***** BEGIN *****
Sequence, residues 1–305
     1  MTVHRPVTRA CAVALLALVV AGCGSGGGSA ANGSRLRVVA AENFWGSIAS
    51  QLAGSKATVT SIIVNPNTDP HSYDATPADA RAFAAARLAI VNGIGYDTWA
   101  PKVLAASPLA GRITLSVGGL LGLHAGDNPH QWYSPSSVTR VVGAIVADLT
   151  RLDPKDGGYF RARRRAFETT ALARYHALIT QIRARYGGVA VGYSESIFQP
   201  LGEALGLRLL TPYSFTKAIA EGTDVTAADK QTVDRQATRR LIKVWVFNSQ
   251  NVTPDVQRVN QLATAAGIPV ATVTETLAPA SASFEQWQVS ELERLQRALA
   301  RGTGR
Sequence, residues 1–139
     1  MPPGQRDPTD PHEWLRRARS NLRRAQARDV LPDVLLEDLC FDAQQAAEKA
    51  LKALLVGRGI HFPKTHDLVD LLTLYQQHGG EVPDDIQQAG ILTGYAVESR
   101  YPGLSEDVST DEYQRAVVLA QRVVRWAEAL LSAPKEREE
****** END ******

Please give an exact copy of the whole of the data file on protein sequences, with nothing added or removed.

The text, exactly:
Sequence, residues 1–305
     1  MTVHRPVTRA CAVALLALVV AGCGSGGGSA ANGSRLRVVA AENFWGSIAS
    51  QLAGSKATVT SIIVNPNTDP HSYDATPADA RAFAAARLAI VNGIGYDTWA
   101  PKVLAASPLA GRITLSVGGL LGLHAGDNPH QWYSPSSVTR VVGAIVADLT
   151  RLDPKDGGYF RARRRAFETT ALARYHALIT QIRARYGGVA VGYSESIFQP
   201  LGEALGLRLL TPYSFTKAIA EGTDVTAADK QTVDRQATRR LIKVWVFNSQ
   251  NVTPDVQRVN QLATAAGIPV ATVTETLAPA SASFEQWQVS ELERLQRALA
   301  RGTGR
Sequence, residues 1–139
     1  MPPGQRDPTD PHEWLRRARS NLRRAQARDV LPDVLLEDLC FDAQQAAEKA
    51  LKALLVGRGI HFPKTHDLVD LLTLYQQHGG EVPDDIQQAG ILTGYAVESR
   101  YPGLSEDVST DEYQRAVVLA QRVVRWAEAL LSAPKEREE